But what exactly does it mean for an angel or a demon to be the ‘puppeteer’ of a physical body? How far does the control of the possessing angel or demon extend? Scotus puts this in rather stark terms. The question that Scotus asks is this: supposing that an angel or a demon possesses a material body, can that angel or demon cause that body to perform its basic biological functions? In other words, does angelic or demonic possession merely amount to pulling strings and making the limbs of an organic body move? Or does it extend far enough that it involves regulating that body’s internal biological functions?

For medieval thinkers like Scotus, there are three basic biological functions that living organisms perform. The first is what they call ‘nutrition’. This is essentially the process whereby a living organism takes in and processes nutrients. As Scotus and his colleagues see it, when living organisms eat food, their bodies break down the food, and then they convert it into organic tissue. That tissue then gets added to their bodies, and that’s how organisms replenish the tissue that has been used or lost. This is the basic mechanism of sustenance. If you don’t eat, you whither and die. In order to say alive, you must eat enough food to replace the tissue that your body uses or loses.

The second biological function that living organisms perform is growth. As living organisms go about their lives, they of course grow larger, and the medievals understood this to be a function of nutrition. Provided that we eat more food than our bodies burn, our bodies grow larger.

The third biological function that all living organisms perform is reproduction. Some organisms reproduce asexually, others reproduce sexually, but all living organisms reproduce. Roses beget roses, oak trees beget oak trees, dogs beget dogs, and humans beget humans.

So those are the three basic biological functions that living organisms perform. All living organisms take in and process nutrients, all living organisms grow, and all living organisms reproduce. The question, then, is whether a possessing angel or demon can cause the body it possesses to perform any of these biological functions.

Scotus says no. According to Scotus, the only thing that a possessing angel or a demon can do to the body it possesses is cause it to move, or rather, more precisely, it can cause the various parts of that body to move. Possessing angels and demons are, for Scotus, mere puppeteers, quite literally.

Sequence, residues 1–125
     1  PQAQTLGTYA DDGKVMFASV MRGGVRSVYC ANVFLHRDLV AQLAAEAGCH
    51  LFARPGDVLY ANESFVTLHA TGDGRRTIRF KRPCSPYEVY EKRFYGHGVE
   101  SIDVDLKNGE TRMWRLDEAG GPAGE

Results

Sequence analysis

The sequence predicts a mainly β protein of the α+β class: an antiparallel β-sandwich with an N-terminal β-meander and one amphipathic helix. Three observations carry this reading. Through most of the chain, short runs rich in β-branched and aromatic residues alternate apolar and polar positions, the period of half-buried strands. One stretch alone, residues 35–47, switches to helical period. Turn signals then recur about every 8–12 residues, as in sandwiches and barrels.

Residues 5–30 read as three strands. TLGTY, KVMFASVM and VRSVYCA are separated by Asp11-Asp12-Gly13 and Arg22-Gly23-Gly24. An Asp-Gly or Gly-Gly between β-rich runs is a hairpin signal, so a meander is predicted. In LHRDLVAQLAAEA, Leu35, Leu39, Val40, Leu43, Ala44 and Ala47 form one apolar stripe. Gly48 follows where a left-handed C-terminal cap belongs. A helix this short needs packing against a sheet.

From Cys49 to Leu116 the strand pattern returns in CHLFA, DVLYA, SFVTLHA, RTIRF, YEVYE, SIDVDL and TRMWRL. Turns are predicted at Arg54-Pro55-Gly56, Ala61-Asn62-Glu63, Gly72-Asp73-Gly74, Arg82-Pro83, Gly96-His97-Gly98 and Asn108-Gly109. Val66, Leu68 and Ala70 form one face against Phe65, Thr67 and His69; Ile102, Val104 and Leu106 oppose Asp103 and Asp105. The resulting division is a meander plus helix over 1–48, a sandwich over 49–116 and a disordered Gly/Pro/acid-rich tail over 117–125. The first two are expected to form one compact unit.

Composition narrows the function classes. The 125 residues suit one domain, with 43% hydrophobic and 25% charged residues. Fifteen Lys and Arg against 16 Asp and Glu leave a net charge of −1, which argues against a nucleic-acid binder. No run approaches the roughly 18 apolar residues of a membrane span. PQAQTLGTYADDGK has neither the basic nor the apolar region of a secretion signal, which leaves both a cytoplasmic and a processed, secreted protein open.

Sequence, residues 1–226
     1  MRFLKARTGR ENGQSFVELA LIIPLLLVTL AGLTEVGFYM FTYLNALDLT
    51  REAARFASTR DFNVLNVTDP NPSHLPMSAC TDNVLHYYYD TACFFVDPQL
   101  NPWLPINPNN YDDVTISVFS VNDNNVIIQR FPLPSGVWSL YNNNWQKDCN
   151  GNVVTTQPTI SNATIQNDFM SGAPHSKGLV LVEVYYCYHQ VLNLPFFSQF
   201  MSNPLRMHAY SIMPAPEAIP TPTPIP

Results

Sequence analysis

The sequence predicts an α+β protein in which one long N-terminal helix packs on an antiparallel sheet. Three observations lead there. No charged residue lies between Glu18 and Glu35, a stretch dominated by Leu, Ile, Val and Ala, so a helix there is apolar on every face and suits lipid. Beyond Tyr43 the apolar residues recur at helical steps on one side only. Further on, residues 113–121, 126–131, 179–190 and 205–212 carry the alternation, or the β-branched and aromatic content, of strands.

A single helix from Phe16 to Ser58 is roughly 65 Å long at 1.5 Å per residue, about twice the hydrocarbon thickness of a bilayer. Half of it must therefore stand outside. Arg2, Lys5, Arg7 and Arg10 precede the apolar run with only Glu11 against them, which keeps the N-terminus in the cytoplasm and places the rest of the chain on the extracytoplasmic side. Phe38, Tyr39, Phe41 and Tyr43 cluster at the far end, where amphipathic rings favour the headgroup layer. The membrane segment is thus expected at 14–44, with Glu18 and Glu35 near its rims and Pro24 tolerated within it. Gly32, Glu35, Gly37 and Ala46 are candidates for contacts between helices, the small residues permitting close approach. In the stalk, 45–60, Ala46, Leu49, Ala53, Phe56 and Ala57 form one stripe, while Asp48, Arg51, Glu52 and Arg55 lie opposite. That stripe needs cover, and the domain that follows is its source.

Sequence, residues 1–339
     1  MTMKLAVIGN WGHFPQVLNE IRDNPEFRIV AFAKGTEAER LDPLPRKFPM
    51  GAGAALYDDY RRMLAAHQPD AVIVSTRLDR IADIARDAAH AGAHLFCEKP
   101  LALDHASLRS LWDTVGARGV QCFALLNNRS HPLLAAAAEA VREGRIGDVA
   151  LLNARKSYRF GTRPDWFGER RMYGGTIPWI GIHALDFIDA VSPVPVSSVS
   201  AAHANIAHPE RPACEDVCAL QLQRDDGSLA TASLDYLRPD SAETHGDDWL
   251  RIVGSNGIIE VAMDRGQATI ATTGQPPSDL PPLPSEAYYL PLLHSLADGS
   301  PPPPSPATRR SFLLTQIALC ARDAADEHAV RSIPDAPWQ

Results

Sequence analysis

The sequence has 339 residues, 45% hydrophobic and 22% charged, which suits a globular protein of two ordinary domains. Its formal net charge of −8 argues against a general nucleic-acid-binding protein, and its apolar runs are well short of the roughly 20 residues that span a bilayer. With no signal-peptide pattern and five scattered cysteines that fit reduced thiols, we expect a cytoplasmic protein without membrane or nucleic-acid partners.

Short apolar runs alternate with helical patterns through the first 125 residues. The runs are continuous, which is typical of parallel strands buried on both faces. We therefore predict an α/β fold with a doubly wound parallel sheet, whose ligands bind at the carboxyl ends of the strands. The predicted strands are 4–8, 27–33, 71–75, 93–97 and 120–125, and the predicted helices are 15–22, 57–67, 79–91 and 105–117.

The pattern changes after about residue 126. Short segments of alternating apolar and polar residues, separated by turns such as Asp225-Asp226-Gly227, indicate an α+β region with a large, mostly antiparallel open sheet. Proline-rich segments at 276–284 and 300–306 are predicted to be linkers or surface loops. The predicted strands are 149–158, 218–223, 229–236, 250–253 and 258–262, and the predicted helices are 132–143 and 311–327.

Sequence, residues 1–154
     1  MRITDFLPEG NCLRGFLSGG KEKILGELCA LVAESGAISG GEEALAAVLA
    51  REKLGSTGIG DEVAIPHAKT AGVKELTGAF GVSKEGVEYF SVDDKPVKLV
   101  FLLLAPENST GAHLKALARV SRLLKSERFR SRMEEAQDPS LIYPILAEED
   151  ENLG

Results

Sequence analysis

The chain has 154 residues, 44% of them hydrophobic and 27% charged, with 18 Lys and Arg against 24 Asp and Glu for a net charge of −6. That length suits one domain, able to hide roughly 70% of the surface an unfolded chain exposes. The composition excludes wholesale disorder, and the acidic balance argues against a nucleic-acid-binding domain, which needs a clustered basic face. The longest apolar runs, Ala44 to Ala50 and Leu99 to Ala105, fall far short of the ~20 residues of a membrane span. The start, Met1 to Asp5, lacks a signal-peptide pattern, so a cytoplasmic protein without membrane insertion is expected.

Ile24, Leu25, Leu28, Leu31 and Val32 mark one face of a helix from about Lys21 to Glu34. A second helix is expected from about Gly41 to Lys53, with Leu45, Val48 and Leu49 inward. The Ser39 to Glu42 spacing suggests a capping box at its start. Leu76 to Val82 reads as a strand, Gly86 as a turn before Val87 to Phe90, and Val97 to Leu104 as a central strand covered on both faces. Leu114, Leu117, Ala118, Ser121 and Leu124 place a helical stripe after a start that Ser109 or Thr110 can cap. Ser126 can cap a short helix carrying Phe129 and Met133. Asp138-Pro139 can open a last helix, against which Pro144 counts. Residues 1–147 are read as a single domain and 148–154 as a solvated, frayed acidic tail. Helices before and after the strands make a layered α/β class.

Wednesday, January 26, 2011

Scholasticism and witchcraft theory 5

In the last point, I pointed out that according to Scotus, in order for an angel or demon to possess a physical body, it must both occupy the same region of space, and it must take control of the body as the puppeteer (the mover).

But one might wonder: why should it matter where the demon happens to reside? Be it all the way across the room, or here in the spot where I am now standing, the fact of the matter is, the demon still controls my body. And wouldn’t that mean that I am ‘possessed’ by the demon in the relevant sense?

Scotus says no, and the reason is this: Scotus’s angelology was heavily influenced by the Persian thinker known to the Latins as Avicenna. Avicenna was a physician, a scientist, and a philosopher who lived from 980 to 1037.

Sometimes my students are surprised to discover that someone like Scotus was reading a Persian, but we shouldn’t think that the medieval world was ignorant of other cultures around it, especially when it comes to the Arabic culture around it. Far from it. In fact, one of medieval Europe’s most famous Holy Roman Emperors, Frederick II, was actually fluent in Arabic, and he was so fascinated by Arabic culture that he brought renowned scholars into his court to translate Arabic writings into Latin.